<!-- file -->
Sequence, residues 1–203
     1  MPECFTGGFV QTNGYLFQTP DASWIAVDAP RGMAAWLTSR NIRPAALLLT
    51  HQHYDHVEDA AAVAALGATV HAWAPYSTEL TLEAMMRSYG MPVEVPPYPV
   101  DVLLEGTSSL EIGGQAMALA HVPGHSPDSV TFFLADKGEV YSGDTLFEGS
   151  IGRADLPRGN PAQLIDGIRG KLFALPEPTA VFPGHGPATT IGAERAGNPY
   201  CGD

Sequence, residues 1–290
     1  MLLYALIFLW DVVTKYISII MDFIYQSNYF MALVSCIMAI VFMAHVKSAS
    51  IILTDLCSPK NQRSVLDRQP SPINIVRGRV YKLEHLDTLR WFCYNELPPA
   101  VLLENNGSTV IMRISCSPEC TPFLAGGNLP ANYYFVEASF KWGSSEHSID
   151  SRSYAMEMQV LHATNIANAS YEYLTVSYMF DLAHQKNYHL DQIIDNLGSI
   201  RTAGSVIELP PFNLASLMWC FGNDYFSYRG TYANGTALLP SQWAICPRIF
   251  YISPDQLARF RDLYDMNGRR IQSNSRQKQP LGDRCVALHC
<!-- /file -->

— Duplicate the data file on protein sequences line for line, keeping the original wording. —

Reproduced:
Sequence, residues 1–203
     1  MPECFTGGFV QTNGYLFQTP DASWIAVDAP RGMAAWLTSR NIRPAALLLT
    51  HQHYDHVEDA AAVAALGATV HAWAPYSTEL TLEAMMRSYG MPVEVPPYPV
   101  DVLLEGTSSL EIGGQAMALA HVPGHSPDSV TFFLADKGEV YSGDTLFEGS
   151  IGRADLPRGN PAQLIDGIRG KLFALPEPTA VFPGHGPATT IGAERAGNPY
   201  CGD

Sequence, residues 1–290
     1  MLLYALIFLW DVVTKYISII MDFIYQSNYF MALVSCIMAI VFMAHVKSAS
    51  IILTDLCSPK NQRSVLDRQP SPINIVRGRV YKLEHLDTLR WFCYNELPPA
   101  VLLENNGSTV IMRISCSPEC TPFLAGGNLP ANYYFVEASF KWGSSEHSID
   151  SRSYAMEMQV LHATNIANAS YEYLTVSYMF DLAHQKNYHL DQIIDNLGSI
   201  RTAGSVIELP PFNLASLMWC FGNDYFSYRG TYANGTALLP SQWAICPRIF
   251  YISPDQLARF RDLYDMNGRR IQSNSRQKQP LGDRCVALHC